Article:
AUGUSTA, Maine (AP) — As Andy Tasker watches his work hours and pay go down, his need for heating assistance goes up. The Auburn resident and thousands like him in Maine are facing drastic cuts in Low Income Home Energy Assistance, as the price of heating oil rises far above last year's level.
"This is a necessity to me," Tasker said Monday, just days after federal government told the Maine State Housing Authority that it should expect to receive $23 million for the program, down from $55.6 million last year — a 60 percent drop.
Maine Housing officials, and their counterparts around the Northeast, are hoping one of two bills in Congress will bolster heating assistance, but the outlook nonetheless is not good that the final amount will help people like Tasker.
Vermont Gov. Peter Shumlin said Wednesday he, too, is worried that federal cuts to heating assistance are coming at a time of increasing fuel prices — up 80 cents per gallon since November 2010 in parts of New England.
"The numbers are moving in the wrong direction," Shumlin said.
Tasker, 60, gets help from the federal program known as LIHEAP to help pay his rent in an oil-heated apartment building he lives in. He's worked since he was a teenager in a succession of jobs from dishwasher to structural steel painter. His latest, in a job-training organization, cut his paid hours from 22 to 14. That makes his LIHEAP check a necessity, he said.
"My landlady is a very understanding person. But that's only going to last so long," said Tasker, who picks up cans and bottles to supplement his income.
Maine Housing Executive Director Dale McCormick said Tasker isn't alone among the roughly 65,000 Maine families receiving LIHEAP. Even while heating oil prices were much lower and LIHEAP funding higher last year, some Mainers were nevertheless desperate for assistance, she said.
McCormick cited one case in Washington County in which a woman's house was so cold her doors froze closed, and her neighbors couldn't get to her until an emergency delivery of oil came. In another case, she said, a disabled veteran whose income was $4,000 a year broke down in tears when he received a $600 heating assistance check.
"It's so important a lifeline for a whole group of our fellow citizens," McCormick said.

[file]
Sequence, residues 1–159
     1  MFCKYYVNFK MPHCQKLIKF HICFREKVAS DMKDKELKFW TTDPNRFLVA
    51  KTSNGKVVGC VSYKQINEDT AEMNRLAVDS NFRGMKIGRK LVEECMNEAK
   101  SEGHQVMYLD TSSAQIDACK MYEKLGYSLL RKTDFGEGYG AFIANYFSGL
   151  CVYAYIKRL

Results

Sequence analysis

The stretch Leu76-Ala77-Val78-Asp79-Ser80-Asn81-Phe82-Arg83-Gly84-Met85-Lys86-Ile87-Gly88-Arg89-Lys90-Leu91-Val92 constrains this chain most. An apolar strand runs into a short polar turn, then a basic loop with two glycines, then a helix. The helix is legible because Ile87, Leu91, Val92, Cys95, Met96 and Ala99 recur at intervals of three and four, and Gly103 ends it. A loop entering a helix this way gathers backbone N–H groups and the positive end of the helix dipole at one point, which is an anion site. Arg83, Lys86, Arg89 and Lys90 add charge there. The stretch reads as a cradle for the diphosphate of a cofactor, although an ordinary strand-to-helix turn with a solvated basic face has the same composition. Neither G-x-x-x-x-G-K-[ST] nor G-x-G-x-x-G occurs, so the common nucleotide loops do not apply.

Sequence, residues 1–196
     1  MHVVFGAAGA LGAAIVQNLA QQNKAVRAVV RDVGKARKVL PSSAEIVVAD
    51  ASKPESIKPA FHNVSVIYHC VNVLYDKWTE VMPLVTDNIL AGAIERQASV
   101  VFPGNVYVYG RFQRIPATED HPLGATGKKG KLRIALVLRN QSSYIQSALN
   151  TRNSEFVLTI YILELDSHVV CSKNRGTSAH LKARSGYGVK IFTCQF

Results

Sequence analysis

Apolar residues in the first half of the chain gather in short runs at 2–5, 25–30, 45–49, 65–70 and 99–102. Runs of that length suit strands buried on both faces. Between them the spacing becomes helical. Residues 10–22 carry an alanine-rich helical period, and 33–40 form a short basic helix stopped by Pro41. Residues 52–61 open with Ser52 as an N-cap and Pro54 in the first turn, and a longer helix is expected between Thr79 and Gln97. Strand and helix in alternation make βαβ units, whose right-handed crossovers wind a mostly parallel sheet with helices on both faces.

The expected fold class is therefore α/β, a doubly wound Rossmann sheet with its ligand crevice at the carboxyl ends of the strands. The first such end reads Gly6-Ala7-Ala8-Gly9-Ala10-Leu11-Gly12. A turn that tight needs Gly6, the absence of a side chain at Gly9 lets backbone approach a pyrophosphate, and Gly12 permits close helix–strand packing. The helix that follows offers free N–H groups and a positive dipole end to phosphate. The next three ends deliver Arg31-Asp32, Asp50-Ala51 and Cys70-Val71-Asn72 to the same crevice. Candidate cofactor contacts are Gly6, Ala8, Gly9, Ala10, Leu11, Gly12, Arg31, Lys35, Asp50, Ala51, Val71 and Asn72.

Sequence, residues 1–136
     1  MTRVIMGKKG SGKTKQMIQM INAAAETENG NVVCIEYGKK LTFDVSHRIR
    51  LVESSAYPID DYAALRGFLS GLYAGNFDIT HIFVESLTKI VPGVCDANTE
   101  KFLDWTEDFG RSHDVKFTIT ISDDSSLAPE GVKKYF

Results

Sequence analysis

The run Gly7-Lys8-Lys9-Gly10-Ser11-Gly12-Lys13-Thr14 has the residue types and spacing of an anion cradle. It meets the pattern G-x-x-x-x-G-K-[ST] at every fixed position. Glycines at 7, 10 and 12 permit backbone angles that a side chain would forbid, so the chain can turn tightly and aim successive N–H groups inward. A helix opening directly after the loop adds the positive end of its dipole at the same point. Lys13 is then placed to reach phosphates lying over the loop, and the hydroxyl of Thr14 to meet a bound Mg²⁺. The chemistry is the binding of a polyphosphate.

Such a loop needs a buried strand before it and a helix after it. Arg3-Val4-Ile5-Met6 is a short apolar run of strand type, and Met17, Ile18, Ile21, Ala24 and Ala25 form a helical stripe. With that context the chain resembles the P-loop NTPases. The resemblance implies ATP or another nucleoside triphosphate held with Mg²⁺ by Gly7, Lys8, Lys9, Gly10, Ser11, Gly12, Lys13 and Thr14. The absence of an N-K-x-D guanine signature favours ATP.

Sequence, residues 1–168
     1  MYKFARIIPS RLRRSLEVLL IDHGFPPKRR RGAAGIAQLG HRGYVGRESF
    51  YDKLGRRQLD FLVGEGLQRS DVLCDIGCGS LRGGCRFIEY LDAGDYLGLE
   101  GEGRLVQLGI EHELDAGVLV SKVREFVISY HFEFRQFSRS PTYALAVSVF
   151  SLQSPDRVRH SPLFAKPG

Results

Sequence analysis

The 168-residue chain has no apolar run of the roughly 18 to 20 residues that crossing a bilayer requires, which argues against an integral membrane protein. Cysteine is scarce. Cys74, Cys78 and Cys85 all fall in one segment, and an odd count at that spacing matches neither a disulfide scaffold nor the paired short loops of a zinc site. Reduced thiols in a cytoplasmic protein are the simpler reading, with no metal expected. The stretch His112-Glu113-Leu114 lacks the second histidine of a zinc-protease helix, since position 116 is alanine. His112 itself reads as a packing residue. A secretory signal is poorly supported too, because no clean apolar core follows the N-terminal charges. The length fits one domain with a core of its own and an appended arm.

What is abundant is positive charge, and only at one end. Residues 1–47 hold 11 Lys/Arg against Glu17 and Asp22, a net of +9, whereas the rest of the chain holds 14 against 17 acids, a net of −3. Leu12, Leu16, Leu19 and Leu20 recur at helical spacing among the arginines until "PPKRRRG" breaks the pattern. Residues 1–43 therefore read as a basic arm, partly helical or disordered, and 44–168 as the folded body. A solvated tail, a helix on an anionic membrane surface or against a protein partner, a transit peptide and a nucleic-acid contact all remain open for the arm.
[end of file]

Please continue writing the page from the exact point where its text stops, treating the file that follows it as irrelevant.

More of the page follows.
In Vermont, LIHEAP paid for 262 gallons of No. 2 home heating oil last winter for the average participating household, Shumlin said. Cuts proposed by the Obama administration, combined with rising prices, would reduce that to 96 gallons this year. The average Vermont home that uses oil for heat burns 764 gallons per year, Shumlin's office said.
Shumlin said he's proposing a transfer of $2.5 million in state funds to LIHEAP from a program set up to make low-income residents' homes more energy-efficient.
Matt Cota, executive director of the Vermont Fuel Dealers Association, said that, combined with $11 million in federal funds, would allow the average household to buy 130 gallons of heating oil, assuming October's average price of $3.68 per gallon.
Shumlin said he had spoken with other governors around the Northeast, and they share his concern about LIHEAP funding. New York Gov. Andrew Cuomo's office issued a statement saying that "given the continuing challenges facing our economy, this program is more essential than ever in providing a critical lifeline to those vulnerable New York households struggling to pay home energy bills."
Shumlin said Massachusetts Gov. Deval Patrick was coordinating a letter to Congress from the region's governors. A call to Patrick's office was referred to the state office that handles LIHEAP, where a spokeswoman did not immediately reply to a message left to her.
Maine's housing authority said it's joining the state's congressional delegation in urging Congress to approve more funding for the program. Last year, the average benefit was $804, and a little over half of the recipients were low-income seniors or disabled people.
But since last year, the federal government has made eligibility standards more difficult besides cutting back allocations. And that comes amid higher fuel prices and the housing authority's expectation that even more people will apply for help this season due to weak economic conditions, more people learning about the program and new enrollees who have scraped by in past winters, but are finally deciding to ask for help. The Housing authority says about 34 percent of Maine households, or 188,000, would meet income eligibility standards.
Maine officials are now hoping for action on legislation in Congress that would bolster the program's funding. A Senate budget bill would give $45.7 million in LIHEAP funding to Maine instead of the $23 million now promised, and it includes a provision to allocate more funds to cold-weather states. A House bill sets the amount at $33.9 million and does not include the cold-weather state provision, McCormick said.
Associated Press writer Dave Gram in Montpelier, Vt., contributed to this report.